What Lies Ahead?

While Munger’s passing turns a page, all signs point to Berkshire continuing its success under CEO Greg Abel, a veteran leader within Berkshire’s energy operations. And the complicated but clear value drivers look poised to continue delivering. For long-term investors, Berkshire Hathaway stock remains a buy.

What Could Change Berkshire’s Direction?

Of course, Berkshire faces potential headwinds that could alter its trajectory:

  • Inflation – Prolonged high inflation may hurt operating businesses, weighing on earnings.
  • Rising rates – Berkshire’s $157 billion cash pile loses purchasing power in a high rate environment. This reduces its capacity to fund investments and acquisitions.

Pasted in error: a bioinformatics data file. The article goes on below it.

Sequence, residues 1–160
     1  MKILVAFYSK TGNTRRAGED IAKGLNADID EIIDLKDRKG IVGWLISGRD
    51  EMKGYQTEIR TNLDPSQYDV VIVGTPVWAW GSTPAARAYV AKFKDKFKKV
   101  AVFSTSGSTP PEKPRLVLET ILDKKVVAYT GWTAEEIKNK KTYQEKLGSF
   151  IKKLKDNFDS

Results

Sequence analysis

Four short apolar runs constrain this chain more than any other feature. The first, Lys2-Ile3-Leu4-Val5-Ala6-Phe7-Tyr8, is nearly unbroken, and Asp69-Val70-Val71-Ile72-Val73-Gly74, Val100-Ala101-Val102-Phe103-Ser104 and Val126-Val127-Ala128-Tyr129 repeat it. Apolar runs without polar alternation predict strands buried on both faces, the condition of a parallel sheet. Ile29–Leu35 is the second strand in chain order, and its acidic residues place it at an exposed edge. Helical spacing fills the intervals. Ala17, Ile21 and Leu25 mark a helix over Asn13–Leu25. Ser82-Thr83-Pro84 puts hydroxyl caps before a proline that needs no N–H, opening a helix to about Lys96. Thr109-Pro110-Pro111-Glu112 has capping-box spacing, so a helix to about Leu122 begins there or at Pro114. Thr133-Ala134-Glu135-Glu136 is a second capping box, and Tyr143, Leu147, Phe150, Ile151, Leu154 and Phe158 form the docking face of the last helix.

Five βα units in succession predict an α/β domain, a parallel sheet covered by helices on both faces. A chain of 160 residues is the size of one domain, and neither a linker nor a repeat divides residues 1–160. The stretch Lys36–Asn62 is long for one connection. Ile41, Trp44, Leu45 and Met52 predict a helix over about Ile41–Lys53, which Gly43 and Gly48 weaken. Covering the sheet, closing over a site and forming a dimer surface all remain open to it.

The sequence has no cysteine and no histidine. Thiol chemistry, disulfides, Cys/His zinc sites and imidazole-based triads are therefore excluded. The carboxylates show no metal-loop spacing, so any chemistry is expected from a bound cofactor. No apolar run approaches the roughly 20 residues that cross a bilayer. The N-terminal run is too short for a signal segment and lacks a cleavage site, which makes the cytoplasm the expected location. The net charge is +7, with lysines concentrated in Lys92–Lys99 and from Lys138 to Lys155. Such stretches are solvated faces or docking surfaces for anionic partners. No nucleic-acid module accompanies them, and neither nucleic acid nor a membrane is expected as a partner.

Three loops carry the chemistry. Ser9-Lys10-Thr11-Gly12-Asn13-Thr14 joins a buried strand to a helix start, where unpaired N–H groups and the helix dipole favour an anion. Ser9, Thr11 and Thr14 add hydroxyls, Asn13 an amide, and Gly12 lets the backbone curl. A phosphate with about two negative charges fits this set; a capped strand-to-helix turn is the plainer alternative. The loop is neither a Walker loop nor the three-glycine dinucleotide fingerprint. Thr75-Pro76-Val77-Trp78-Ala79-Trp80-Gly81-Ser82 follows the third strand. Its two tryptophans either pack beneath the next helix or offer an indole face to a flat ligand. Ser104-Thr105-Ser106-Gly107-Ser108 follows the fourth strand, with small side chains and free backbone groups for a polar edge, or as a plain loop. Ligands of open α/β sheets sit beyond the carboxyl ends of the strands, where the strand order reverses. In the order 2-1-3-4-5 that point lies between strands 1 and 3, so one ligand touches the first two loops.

• Market volatility – A deep, prolonged bear market would pressure Berkshire’s equity portfolio for an extended time period.
  • Insurance losses – Though historically strong in its underwriting, unusually severe catastrophe claims could hit near-term profits.
  • Transition uncertainty – While veteran Greg Abel is the heir apparent, anytime a new leader takes control creates uncertainty.

Despite these risks, Berkshire Hathaway still stands on very solid ground operationally and financially. The company remains well positioned to weather various storms. And the stock continues to offer a reasonable margin of safety at current valuations.

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Samantha Miller is a business and finance journalist with over 10 years of experience covering the latest news and trends shaping the corporate landscape. She began her career at The Wall Street Journal, where she reported on major companies and industry developments. Now, Samantha serve as a senior business writer for, profiling influential executives and providing in-depth analysis on business and financial topics.